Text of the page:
Public Notaries Appointment Rules – Rule 2 – Qualification for Notary Public in New South Wales

Rule 2 of the Public Notaries Appointment Rules (NSW) outlines the three stage test for the mandatory qualifications that each legal practitioner in New South Wales needs to satisfy to be a candidate for appointment as Public Notary in the state of New South Wales.

The first qualification is that the prospective candidate must be either a solicitor or a barrister, on the roll for no less than five continuous years (i.e. where that five year period is uninterrupted). The second qualification is that the solicitor or barrister must hold a current practicing certificate entitling him to practice law in Australia. The third and final qualification is that the legal practitioner wishing to be appointed a Public Notary completes a “Notarial Practice Course conducted by the Board or approved by the Board.”

Evidence that the candidate is qualified for appointment as Public Notary is collated under cover of Form 1, which is located in the first schedule to these Rules. This Form 1 document, along with its annexure, is then presented to the Board for consideration.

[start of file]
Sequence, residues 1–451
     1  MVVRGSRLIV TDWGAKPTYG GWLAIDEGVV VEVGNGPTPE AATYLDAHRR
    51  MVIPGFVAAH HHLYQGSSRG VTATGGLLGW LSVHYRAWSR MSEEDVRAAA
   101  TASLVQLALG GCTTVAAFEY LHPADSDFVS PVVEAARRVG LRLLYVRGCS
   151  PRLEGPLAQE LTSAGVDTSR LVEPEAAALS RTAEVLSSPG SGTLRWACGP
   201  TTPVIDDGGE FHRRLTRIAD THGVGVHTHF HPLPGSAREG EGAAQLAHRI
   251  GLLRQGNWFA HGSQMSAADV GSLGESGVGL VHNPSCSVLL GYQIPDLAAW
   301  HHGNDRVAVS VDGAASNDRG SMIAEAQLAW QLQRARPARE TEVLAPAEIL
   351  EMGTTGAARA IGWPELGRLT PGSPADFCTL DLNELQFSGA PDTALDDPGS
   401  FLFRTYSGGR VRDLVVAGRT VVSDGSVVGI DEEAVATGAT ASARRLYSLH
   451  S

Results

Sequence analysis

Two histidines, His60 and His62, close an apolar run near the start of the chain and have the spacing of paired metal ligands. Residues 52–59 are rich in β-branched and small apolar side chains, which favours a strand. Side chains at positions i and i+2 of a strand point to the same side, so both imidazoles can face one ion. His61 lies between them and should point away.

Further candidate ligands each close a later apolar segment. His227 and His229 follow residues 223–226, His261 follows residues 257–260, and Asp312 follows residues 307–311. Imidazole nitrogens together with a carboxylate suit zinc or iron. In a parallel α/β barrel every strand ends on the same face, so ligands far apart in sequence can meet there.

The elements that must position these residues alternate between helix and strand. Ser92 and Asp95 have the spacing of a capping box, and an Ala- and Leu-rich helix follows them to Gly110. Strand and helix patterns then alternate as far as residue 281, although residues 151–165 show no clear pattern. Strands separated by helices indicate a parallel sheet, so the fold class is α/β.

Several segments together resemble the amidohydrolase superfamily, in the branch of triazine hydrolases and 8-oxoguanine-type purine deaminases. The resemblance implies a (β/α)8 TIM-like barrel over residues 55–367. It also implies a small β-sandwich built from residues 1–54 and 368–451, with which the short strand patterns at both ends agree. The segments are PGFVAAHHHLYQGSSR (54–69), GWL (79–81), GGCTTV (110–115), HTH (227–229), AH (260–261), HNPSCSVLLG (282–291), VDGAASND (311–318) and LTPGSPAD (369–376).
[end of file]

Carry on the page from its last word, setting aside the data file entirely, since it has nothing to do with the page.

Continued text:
The first issue that stands out in these qualifications is that in Australia, unlike some other jurisdictions, a Public Notary must be a legal practitioner. For information about the Notarial Practice Course, prospective candidates for appointment should contact the Law Society or the Legal Practitioners Admissions Board.

Notarial services in Sydney (mobile in North Sydney, St Leonards and surrounds) can be offered to meet an individual’s needs, including the witnessing of affidavits, the authentication of materials (whether written or not), the taking of declarations, as well as the preparation of other notarial certificates that are intended to be utilised by external state authorities, non-government organisations (NGO) or other private institutions situated outside Australia. If you are looking for a Sydney Notary Public, we look forward to hearing from you.

The data in this post is based on reprint No. 1 (6 September 2013) of the Public Notaries Appointment Rules (NSW) as in force at 23 September 2008. This post is provided for general knowledge purposes only and is not to be treated as formal legal advice. This short article is copyright to the writer.